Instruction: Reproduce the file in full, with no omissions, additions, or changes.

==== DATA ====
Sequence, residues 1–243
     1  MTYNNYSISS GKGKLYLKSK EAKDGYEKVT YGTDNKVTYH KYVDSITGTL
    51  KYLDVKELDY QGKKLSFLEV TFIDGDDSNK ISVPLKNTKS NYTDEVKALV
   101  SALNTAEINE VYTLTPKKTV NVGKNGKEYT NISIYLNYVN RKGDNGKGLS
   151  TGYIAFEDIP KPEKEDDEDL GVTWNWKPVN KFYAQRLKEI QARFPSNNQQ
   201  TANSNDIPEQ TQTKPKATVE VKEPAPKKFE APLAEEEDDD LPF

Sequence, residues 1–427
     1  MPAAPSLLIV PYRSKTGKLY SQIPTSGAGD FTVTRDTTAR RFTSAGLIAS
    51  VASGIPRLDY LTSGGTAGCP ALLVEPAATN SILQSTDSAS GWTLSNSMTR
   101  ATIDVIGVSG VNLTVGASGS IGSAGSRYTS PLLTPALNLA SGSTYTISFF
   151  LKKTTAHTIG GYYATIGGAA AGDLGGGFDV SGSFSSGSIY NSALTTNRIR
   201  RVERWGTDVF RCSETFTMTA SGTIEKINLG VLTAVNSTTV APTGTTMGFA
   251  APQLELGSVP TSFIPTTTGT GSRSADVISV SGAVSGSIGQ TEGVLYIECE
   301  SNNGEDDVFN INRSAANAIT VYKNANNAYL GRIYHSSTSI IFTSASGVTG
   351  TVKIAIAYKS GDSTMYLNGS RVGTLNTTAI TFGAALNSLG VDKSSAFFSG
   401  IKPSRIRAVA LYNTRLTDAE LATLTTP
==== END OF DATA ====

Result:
Sequence, residues 1–243
     1  MTYNNYSISS GKGKLYLKSK EAKDGYEKVT YGTDNKVTYH KYVDSITGTL
    51  KYLDVKELDY QGKKLSFLEV TFIDGDDSNK ISVPLKNTKS NYTDEVKALV
   101  SALNTAEINE VYTLTPKKTV NVGKNGKEYT NISIYLNYVN RKGDNGKGLS
   151  TGYIAFEDIP KPEKEDDEDL GVTWNWKPVN KFYAQRLKEI QARFPSNNQQ
   201  TANSNDIPEQ TQTKPKATVE VKEPAPKKFE APLAEEEDDD LPF

Sequence, residues 1–427
     1  MPAAPSLLIV PYRSKTGKLY SQIPTSGAGD FTVTRDTTAR RFTSAGLIAS
    51  VASGIPRLDY LTSGGTAGCP ALLVEPAATN SILQSTDSAS GWTLSNSMTR
   101  ATIDVIGVSG VNLTVGASGS IGSAGSRYTS PLLTPALNLA SGSTYTISFF
   151  LKKTTAHTIG GYYATIGGAA AGDLGGGFDV SGSFSSGSIY NSALTTNRIR
   201  RVERWGTDVF RCSETFTMTA SGTIEKINLG VLTAVNSTTV APTGTTMGFA
   251  APQLELGSVP TSFIPTTTGT GSRSADVISV SGAVSGSIGQ TEGVLYIECE
   301  SNNGEDDVFN INRSAANAIT VYKNANNAYL GRIYHSSTSI IFTSASGVTG
   351  TVKIAIAYKS GDSTMYLNGS RVGTLNTTAI TFGAALNSLG VDKSSAFFSG
   401  IKPSRIRAVA LYNTRLTDAE LATLTTP